There are certain truisms in the world of wine such as place matters, local knowledge is invaluable, and vintage is important. But to say you get what you pay for isn't one of them.
It's the uninformed who pay the most for wine and, unfortunately, there are a lot of uninformed wine drinkers. Even if you decide to devote a serious amount of time to learning about wine, trying to understand the machinations of pricing in B.C. can be nearly impossible even with decades of experience. In the end, most of us make decisions about wine based on its perceived quality and the depth of our wallets.
That said, we pay too much for wine, local and imported, because the marketplace for wine in B.C. is artificial. The only price that is real is the freight-on-board (FOB) or ex-winery cost at source. After that government intervention and the normal path of delivery spirals the price to a level that leaves you wondering how the $6.99 wine you liked in Washington or California, is $16.99 in B.C.
Take your pick — from greed to taxes, to exchange rates, to public- and private-sector stores, the game seems to be to confuse you, the consumer, to the point where you have no idea what any wine is worth.
Today, we look at how you can attack the problem as a wine buyer. There are wines that over-deliver for their price. The trick is to figure out which ones they are and use them as a benchmark for price and quality if you really want to become a more astute buyer in 2018.
In our first example, we highly recommend the Veramonte Sauvignon Blanc 2015 ($13.49) from Chile. Leaving the Loire and B.C. out of the picture, based on price, this sauvignon is very comparable to popular New Zealand labels but, on average, 30-per-cent cheaper. For the price, it's a delicious wine and it comes with a credible Casablanca sub-appellation. I think I've checked all the boxes, plus the bonus is drinking this wine will improve your knowledge of the sauvignon blanc grape.
Knowledge is power, and the Cims del Montsant 2012, ($14.99) is all about knowledge. First, it's a BC Liquor Distribution Branch exclusive, meaning it's not available anywhere except in government stores. Exclusives are often sold from the winery at low price to take advantage of wide distribution. So even though the LDB margin is likely big, you still get the wine at an affordable price. Monsant, which is located in Spain, is a stone's throw from the nearby and highly heralded Priorat region. The grape mix of carignan and garnacha is expressive, to say the least, and packed full of black cherries, intense wild blackberries and plummy licorice. We love the value here plus you can age this wine, too. Score one for the informed.
Not all white wine is made from chardonnay and sauvignon blanc. In the case of Ruffino Orvieto Classico 2015 ($13.49), a white wine from Central Italy, the grapes inside are procanico, verdello, malvasia, grechetto and drupeggio. You can become a master of wine memorizing the flavours and names of all the grapes but it's the texture, freshness and the versatility of this wine with seafood and vegetarian options that is the story, not to mention that price. The almonds, kernel, nut oil, orange oil and tangerine skin notes take you to Umbria, but it's the density without heft and the stony, wild herbs that make you want to finish the bottle. Think grilled halibut, sesame scallops, barbecued grilled vegetables. Did we mention the price?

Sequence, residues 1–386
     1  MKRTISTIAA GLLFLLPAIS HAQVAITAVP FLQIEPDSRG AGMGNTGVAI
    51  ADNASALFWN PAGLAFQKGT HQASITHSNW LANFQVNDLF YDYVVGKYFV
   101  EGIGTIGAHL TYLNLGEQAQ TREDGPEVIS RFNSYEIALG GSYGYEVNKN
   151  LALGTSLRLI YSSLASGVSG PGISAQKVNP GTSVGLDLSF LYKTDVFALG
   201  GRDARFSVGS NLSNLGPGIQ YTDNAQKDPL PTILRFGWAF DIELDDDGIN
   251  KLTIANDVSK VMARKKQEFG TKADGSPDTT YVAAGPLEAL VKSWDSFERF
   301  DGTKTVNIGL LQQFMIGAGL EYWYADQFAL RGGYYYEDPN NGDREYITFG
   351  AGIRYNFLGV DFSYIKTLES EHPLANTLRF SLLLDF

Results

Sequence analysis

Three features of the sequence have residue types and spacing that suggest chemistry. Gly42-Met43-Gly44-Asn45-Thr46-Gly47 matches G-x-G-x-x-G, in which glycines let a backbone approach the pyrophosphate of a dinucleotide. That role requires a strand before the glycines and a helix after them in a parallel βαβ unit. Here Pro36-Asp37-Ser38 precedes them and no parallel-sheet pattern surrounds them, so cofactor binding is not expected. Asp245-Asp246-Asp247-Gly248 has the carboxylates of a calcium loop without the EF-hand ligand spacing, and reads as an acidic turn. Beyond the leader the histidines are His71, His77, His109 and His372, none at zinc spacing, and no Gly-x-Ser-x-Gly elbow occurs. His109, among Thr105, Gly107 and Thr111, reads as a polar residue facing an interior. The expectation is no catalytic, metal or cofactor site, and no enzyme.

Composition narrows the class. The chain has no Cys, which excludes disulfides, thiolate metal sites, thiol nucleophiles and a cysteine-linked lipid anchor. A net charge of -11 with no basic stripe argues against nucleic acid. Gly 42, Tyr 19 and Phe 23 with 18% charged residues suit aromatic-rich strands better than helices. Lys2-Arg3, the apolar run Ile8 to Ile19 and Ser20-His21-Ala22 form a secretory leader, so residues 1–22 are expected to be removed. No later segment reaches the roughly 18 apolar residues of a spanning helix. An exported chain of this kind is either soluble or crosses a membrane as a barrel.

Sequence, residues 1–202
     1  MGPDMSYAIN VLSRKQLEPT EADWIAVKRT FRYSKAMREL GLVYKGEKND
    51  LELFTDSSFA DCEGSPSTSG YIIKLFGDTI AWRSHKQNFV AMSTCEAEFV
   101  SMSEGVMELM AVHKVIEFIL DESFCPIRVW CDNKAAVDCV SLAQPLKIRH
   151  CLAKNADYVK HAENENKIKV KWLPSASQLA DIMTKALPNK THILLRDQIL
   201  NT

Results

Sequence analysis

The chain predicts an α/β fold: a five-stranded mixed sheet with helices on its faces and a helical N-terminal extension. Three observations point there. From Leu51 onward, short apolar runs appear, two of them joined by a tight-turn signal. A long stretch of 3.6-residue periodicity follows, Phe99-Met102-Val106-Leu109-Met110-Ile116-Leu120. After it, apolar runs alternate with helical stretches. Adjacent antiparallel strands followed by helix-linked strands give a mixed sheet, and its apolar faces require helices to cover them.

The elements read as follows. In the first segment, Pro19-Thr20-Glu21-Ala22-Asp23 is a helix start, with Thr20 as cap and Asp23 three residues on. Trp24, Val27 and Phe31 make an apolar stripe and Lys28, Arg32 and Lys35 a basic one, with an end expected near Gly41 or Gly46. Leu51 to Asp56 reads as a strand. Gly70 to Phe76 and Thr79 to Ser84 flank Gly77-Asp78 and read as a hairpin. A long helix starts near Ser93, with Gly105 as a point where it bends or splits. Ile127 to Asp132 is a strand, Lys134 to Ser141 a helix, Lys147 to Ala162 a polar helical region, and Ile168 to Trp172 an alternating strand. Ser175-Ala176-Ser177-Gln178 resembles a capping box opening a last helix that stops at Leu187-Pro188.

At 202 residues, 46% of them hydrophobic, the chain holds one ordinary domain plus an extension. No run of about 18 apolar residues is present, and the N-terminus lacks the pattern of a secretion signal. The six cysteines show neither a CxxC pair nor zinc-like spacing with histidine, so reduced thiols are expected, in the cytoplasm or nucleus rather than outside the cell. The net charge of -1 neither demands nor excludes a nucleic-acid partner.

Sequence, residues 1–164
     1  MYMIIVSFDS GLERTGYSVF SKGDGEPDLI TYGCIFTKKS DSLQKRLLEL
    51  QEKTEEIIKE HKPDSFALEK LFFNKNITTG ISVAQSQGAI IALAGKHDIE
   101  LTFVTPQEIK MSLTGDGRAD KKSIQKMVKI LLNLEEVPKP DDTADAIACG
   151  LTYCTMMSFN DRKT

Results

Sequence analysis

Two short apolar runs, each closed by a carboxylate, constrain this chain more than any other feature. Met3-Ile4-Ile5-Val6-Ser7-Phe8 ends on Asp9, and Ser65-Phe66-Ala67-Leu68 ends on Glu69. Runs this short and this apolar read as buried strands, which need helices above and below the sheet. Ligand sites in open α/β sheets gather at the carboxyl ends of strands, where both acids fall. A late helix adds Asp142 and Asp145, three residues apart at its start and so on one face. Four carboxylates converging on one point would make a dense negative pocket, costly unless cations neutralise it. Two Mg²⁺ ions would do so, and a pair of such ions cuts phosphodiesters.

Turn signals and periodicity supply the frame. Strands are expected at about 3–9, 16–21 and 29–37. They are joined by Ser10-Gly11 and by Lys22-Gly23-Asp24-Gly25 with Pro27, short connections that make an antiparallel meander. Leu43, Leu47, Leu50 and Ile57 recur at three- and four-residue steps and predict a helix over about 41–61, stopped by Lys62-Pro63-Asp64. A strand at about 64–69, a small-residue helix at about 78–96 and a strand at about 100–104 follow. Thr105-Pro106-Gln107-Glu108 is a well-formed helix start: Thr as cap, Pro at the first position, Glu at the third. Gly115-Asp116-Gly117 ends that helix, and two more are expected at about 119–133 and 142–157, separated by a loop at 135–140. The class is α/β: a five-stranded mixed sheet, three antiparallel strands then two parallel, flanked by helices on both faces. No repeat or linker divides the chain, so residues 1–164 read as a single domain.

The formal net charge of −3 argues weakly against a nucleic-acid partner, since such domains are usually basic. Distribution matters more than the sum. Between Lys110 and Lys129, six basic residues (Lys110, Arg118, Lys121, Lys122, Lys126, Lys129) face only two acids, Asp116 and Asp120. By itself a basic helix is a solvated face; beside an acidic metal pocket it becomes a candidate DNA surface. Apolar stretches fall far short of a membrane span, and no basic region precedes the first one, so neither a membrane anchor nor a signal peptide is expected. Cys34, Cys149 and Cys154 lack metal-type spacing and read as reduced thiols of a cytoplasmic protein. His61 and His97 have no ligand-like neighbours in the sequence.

I often wonder if it's the colour red that sells "red" wine, and not the grape variety. If so, maybe cabernet sauvignon and cabernet blends are not the be all and end all of red wine grapes.
Case in point: the Laya Garnacha Monastrell Vieilles Vignes 2015 ($14.49), from Almansa, Spain. In this case, the fruity grenache or garnacha plays the perfect foil to the muscular monastrell to produce a delicious, low tannin red that gets its heft on the palate from old bush vines surviving in the intense heat of Almansa. When you add altitude (700 to 1,000 metres) and calcareous soils, you bolster the freshness of this wine and, well, the rest is easy. Nothing but brooding cassis, black plum and floral fruits dressed in savoury dried herbs. In the over-deliver department, it packs a weight and complexity you seldom see in B.C. at this price point.
There are also some bargains from B.C. The large and mid-sized producers are often dismissed as lower-quality producers but they have the resources to turn out quality wine at a much lower price than most small, family-owned boutique wineries. The Quails' Gate Gewürztraminer 2016 ($15.99) is a good example. We like the leaner, fresher, lighter, style of this cooler, northern Okanagan gewürztraminer. You get the brightness and floral orange blossoms and lime pith with a litchi, honeysuckle palate that makes you swear it's from Alsace. The finish lingers with rose petals, a spicy, floral soapy characteristic of the grape. At 12.5 per cent, it's the perfect white for Thai scented rice and savvy wine buyers.
Your 2018 journey starts now. What you need, really, is all your senses to begin.
Anthony Gismondi is a globetrotting wine writer who makes his home at the southern end of the Sea to Sky Highway in West Vancouver, British Columbia. For more of his thoughts on wine log onto www.gismondionwine.com